2. Deep and Comprehensive Visibility Beyond the Application
It’s not enough to simply inspect traffic. To catch many of today’s most sophisticated threats, intelligence gleaned from such inspections needs to be shared in real time with the rest of the network. Unfortunately, most of today’s NGFW solutions function in isolation. Many don’t even share information between the different security tools loaded on a single platform, let alone with other security tools deployed across the distributed network.
But cross-platform integration and the direct correlation of threat information are essential for securing today’s networks. And that functionality needs to scale across today’s highly distributed networks that include physical and virtual domains, IoT and other endpoint devices, and multi-cloud environments that can include multiple IaaS and SaaS providers.
As a result, attacks can come from anywhere, originating either from inside, sometimes from rouge users but mostly from compromised users or from outside of one of the network perimeters. To detect and respond to known and zero day threats today’s NGFW solutions need to run IPS and Anti-Malware capabilities. The unknown threats require Advanced Threat Protection capabilities by integrating with sandboxing and other sources that can share threat intelligence.
Delivering Performance and Hyperscale with Industry Leading Security
Powered by Fortinet’s purpose-built Security Processing Units (SPUs), like the NP7 and CP9. FortiGate NGFWs offers the industry’s highest security compute rating – including support of TLS1.3 – to detect attacks in HTTPs sessions, like ZEUS, Trickbot, Dridex, and protect organizations from network, application and file-based attacks and many other sophisticated threats. Fortinet NGFWs also offer hyperscale and delivers the industry’s highest number of concurrent connections, and connections per second speed meeting the escalating user demands for an organizations service while providing essential security.
The Fortinet NFWs provide performance-intensive services in the most demanding environments, including hyperscale data centers, to inspect, segment, and secure locally hosted data and workloads at network speeds.
Security devices and tools need to be integrated together to scale and adapt to even the most elastic network environments. This enables granular visibility of users, IoT devices, cloud applications and access devices end-to-end. The complexity of both network infrastructures and the threat landscape requires an integrated Security Fabric that combines easy-to-use, unified management and orchestration, broad visibility, granular control, and centralized compliance capabilities to reduce complexity while protecting the entire attack surface.
3. Automation, Deep Inspection, and AI
Performance and correlation across distributed networks are still not enough. Today’s attacks can begin stealing data or ransoming resources within minutes of breaching a network. Security must be able to respond to detected threats at digital speeds.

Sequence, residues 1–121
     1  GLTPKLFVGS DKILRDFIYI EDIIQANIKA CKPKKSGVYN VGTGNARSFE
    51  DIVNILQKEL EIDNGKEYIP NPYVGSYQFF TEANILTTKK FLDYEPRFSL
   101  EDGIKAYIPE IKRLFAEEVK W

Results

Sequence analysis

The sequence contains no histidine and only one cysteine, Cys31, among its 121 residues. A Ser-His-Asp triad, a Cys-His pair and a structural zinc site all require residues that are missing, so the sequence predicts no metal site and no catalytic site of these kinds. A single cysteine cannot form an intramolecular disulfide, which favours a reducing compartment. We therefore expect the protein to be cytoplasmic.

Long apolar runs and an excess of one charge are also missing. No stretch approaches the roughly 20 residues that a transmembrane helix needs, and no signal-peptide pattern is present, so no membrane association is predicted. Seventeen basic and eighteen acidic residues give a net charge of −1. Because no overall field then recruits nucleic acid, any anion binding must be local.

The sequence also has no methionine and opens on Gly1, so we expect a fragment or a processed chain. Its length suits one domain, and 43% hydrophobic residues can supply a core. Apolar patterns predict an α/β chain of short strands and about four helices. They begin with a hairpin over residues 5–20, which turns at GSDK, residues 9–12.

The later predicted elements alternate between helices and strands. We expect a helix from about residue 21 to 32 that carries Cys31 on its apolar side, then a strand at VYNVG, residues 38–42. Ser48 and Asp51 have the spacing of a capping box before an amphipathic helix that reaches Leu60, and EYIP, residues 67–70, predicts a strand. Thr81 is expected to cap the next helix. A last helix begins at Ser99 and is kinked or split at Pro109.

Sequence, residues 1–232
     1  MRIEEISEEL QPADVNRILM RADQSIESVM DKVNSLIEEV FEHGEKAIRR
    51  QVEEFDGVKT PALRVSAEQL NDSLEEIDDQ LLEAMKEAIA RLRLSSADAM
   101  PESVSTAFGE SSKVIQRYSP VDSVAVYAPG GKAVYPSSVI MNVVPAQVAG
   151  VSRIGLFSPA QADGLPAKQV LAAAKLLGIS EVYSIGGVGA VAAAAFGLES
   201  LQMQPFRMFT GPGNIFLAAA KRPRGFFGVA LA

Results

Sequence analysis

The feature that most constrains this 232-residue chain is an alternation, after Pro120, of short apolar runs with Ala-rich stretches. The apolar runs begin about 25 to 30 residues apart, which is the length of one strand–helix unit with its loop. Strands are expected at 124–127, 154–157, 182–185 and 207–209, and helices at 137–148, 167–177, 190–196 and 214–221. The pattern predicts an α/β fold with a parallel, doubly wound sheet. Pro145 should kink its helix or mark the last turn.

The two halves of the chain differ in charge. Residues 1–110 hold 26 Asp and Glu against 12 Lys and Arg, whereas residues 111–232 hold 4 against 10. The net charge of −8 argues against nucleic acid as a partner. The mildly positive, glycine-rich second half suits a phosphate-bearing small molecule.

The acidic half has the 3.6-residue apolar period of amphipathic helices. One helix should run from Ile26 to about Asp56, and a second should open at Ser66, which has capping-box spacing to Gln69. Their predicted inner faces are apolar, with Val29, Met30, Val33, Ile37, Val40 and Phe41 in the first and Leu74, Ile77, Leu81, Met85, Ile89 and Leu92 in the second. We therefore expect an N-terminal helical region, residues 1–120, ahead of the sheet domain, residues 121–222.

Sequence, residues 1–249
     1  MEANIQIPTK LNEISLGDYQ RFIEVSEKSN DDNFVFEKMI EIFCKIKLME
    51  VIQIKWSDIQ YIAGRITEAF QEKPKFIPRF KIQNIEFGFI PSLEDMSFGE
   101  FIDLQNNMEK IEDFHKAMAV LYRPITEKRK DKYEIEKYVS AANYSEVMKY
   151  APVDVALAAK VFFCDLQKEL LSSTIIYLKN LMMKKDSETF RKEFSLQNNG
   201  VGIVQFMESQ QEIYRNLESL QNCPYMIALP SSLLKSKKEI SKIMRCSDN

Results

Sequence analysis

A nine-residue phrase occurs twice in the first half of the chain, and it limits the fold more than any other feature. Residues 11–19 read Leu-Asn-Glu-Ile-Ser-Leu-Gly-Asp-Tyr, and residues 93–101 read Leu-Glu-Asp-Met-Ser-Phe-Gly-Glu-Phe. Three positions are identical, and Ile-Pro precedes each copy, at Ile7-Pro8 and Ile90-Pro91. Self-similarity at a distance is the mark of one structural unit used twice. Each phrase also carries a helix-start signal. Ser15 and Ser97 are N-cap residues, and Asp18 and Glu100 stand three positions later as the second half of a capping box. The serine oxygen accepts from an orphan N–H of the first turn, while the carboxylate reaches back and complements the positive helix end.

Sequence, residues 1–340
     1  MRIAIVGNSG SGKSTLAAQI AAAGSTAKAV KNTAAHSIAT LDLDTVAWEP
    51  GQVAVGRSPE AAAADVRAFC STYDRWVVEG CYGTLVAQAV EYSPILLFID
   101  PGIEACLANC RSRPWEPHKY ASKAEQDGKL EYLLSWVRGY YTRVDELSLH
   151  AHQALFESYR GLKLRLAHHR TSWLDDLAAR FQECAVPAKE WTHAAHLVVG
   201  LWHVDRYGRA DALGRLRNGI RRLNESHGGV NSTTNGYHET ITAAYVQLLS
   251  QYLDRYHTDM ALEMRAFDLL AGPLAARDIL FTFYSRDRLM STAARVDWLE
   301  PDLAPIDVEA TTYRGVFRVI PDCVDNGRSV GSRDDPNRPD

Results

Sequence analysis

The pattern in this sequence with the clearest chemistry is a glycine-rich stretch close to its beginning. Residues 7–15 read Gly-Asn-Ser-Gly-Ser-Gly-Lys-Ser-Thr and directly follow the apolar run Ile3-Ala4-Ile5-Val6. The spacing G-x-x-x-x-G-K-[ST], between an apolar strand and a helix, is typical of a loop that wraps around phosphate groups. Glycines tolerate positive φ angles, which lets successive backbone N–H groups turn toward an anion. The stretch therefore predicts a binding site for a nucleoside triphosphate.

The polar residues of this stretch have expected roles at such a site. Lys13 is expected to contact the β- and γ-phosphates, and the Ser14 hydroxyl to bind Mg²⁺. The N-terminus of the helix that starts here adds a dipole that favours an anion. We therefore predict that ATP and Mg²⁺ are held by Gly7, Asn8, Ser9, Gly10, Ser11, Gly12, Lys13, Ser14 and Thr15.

Security automation allows networks to respond in a coordinated fashion to a detected threat. Once malware or a breach has been detected, all devices connected to the Security Fabric need to be able to respond in real time. Affected devices and malware need to be detected and isolated.
Today, this requires deep inspection in real-time. Rather than running sandbox tools as separate appliances or services – with all the challenges and time delays that separate management and correlation tools impose – anti-malware, content disarm and reconstruct, virus outbreak service capabilities need to be a core requirement of today’s NGFWs.
Threat intelligence must also be shared so that sensors can begin scanning the network for other incidences of the detected attack. Shields need to be raised to prevent similar breaches from occurring. Remediation needs to take place to get resources back online. And forensic analysis needs to begin in order to determine how a breach occurred, what resources were compromised, and how to shore up defenses to prevent that from happening again.
Increasingly, as the speed of compromises continues to increase, and infiltration techniques become more sophisticated, AI tools will need to be deployed to see and even anticipate attacks and more effectively coordinate threat response to shut down cybercriminalsbefore that can achieve their objectives.
Fortinet is Ready to Protect the Enterprises with its AI/ML Powered Next Generation Security
Fortinet continues to redefine NGFW deployment based on our security fabric vision of providing broad, automated, and powerful capabilities.
Fortinet’s patented security processors and highly optimized security software provide industry’s highest threat protection and SSL inspection performance, regardless of whether they are deployed at the network edge, in the core, or in the segments.
With FortiOS 7.0, customers are able to leverage an automated fabric topology view to gain complete visibility across their distributed network ecosystems, including 360° visibility into hybrid networks, access points, endpoints, and threats. Additionally, the Fortinet Security Fabric provides granular visibility into applications – including SaaS applications – which is critical for enterprises transitioning to the cloud.
With natively integrated proxy capabilities, Fortinet NGFW is the only NGFW in the industry that natively integrates access proxy capabilities to enable zero trust network access (ZTNA). This allows organizations to host applications anywhere with consistent policy controls to enable and secure hybrid workforce models with seamless and superior user experience
In today’s networked environment, broad, powerful, integrated, and automated solutions aren’t just nice things to have. They are essential components of the next generation of network security.
Find out how the Fortinet Security Fabric platform delivers broad, integrated, and automated protection across an organization’s entire digital attack surface to deliver consistent security across all networks, endpoints, and clouds.